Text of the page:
The API page (where developers and researchers can access TheyWorkForYou data) has been given a slick new design. We’ve updated it with new examples of how the API might be used, and streamlined the language and content to make it easier to understand. 

    The TheyWorkForYou API, homepage

    We hope that all of these features will make it easier and more pleasant for you to use TheyWorkForYou, either when you’re checking up on what’s happened in Parliament for yourself, or using our data to make other parliamentary apps and sites.

    Image: David Pisnoy

  7. TICTeC Show and Tell: Right to Know across Europe

    It’s always so cheering to hear about campaigns that have had real results, and this week’s TICTeC Show And Tell gave us plenty of inspiration on that front.

    We heard how FOI has been at the heart of investigations in Croatia, France, Scotland and the crossborder Lost In Europe project, along with two deep dives into the state of FOI in the UK — all in the name of International Right To Know Day.

    As ever, you can catch up with the event in multiple ways:

    • All videos are all available over on our YouTube channel. You can watch the entire event, or pick and choose from the individual presentations, as below.
    • Speakers have shared their slides. Access them via the links to each presentation on the TICTeC website.
    • We live tweeted as the event happened, including links to reports that were mentioned and previous case studies going into more detail about some of the campaigns mentioned.

    Full video

    Individual presentations

    The FOI Clearing House: an openDemocracy investigation into freedom of information at the heart of government

    Jenna Corderoy of OpenDemocracyJenna Corderoy (openDemocracy, UK)

    openDemocracy’s Jenna Corderoy discussed her recent investigations into the Clearing House, a unit within the UK Cabinet Office that “advises on” and “coordinates” FOI requests referred by government departments.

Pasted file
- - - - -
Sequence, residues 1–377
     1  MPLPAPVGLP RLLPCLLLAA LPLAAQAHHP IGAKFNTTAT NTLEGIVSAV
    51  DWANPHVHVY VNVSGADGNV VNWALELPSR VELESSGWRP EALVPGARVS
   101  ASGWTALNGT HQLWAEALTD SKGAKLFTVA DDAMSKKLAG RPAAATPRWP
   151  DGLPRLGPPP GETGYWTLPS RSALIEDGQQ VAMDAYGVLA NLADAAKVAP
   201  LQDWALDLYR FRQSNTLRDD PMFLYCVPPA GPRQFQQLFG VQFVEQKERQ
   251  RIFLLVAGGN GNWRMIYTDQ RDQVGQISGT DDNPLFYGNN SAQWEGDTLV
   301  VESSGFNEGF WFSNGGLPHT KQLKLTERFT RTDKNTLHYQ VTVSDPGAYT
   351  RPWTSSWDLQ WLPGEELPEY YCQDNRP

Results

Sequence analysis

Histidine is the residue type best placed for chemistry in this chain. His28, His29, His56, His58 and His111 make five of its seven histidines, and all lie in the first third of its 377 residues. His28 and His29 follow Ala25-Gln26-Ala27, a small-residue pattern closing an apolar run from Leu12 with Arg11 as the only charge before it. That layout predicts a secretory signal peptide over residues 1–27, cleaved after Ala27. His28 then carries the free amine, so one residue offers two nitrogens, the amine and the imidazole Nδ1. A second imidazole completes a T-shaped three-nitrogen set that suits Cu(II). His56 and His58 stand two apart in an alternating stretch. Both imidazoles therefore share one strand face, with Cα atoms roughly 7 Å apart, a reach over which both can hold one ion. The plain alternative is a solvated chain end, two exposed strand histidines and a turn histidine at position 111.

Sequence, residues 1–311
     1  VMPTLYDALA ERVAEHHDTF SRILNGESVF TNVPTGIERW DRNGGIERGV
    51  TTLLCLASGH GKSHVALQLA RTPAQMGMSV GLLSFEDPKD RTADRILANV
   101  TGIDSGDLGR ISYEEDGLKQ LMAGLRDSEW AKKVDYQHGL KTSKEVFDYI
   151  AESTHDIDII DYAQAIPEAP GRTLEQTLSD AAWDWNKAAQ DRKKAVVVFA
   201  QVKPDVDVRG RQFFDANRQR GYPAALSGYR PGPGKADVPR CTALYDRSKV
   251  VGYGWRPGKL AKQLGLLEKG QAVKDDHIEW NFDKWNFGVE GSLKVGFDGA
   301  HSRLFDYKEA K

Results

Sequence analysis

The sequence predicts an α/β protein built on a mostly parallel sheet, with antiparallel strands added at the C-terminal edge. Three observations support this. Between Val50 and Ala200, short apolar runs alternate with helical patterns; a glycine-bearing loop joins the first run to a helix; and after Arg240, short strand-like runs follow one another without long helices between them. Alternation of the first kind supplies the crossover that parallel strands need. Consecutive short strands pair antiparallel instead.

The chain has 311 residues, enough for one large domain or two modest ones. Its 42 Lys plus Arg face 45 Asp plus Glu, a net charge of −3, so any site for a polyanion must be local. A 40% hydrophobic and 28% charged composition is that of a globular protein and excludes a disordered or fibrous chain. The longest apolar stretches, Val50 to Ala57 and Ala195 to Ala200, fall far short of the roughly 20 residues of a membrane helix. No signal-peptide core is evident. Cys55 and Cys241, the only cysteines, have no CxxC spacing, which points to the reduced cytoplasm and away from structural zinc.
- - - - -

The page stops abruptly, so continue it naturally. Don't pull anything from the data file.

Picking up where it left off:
openDemocracy has uncovered alarming evidence that the Clearing House blocks the release of information and causes lengthy delays; their investigations and subsequent FOI tribunal hearing over Clearing House documents have sparked a UK parliamentary inquiry.

    See this presentation


    Lost in Europe: deploying the Alaveteli network on a cross-border investigation

    Liset Hamming of LIELiset Hamming (The Dutch-Flemish Association for Investigative Journalists (VVOJ), Netherlands

    Ten European FOI sites were used in this Netherlands-based investigation into the thousands of children who go missing as they migrate across European borders. The FOI component of this journalistic investigative research project is led by an Alaveteli insider, running the recently launched Dutch Alaveteli site.

    See this presentation


    Watch this space (and pay for it): Alaveteli-driven exposure of the misuse of public resources in an election campaign

    Dražen Hoffmann of GONGDražen Hoffmann (GONG, Croatia)

    In April 2021, GONG used the Alaveteli-powered platform ImamoPravoZnati to unveil the practice of funding a YouTube channel by the mayors and country prefect of a county in Croatia, ahead of the May 2021 local elections.

    The quaint footage of seaside towns and villages, and boasting of successful projects, in fact concealed a misuse of public resources for the purposes of incumbents’ campaigns. This practice of non-transparent media buying is one that GONG addresses continuously.

    See this presentation


    Regulating Access to Information

    Alex Parsons of mySocietyAlex Parsons (mySociety)

    The practical reality of Access to Information laws depends on how effective the system of regulation and appeal is.

    Alex shares mySociety’s recent work in comparing different systems of regulation in the UK, and parts of our upcoming research that will do the same for regulation across Europe.

    See this presentation


    Running an Access to Information platform in France: obstacles and success stories

    Samuel Goeta of MadadaSamuel Goëta (MaDada.fr, France)

    Open data in France, says Samuel,  looks somewhat like the Tower of Pisa: a beautiful building (open data is mandatory by law), but leaning because its foundations (the Freedom of Information Act) are in bad shape.

    Samuel speaks about the weaknesses of FOIA in France, how the French Alaveteli platform madada.fr manages them and the first success stories coming out of the platform. Importantly, MaDada has been responsible for a wider understanding of FOI among French citizens.

    See this presentation


    A change in the law for school starters in Scotland — through FOI

    Give Them Time logoPatricia Anderson (Give Them Time, Scotland)

    Patricia from the Give Them Time campaign speaks about how FOI requests, sent via WhatDoTheyKnow, helped them get the law changed so that more children in Scotland can benefit from more time at nursery school.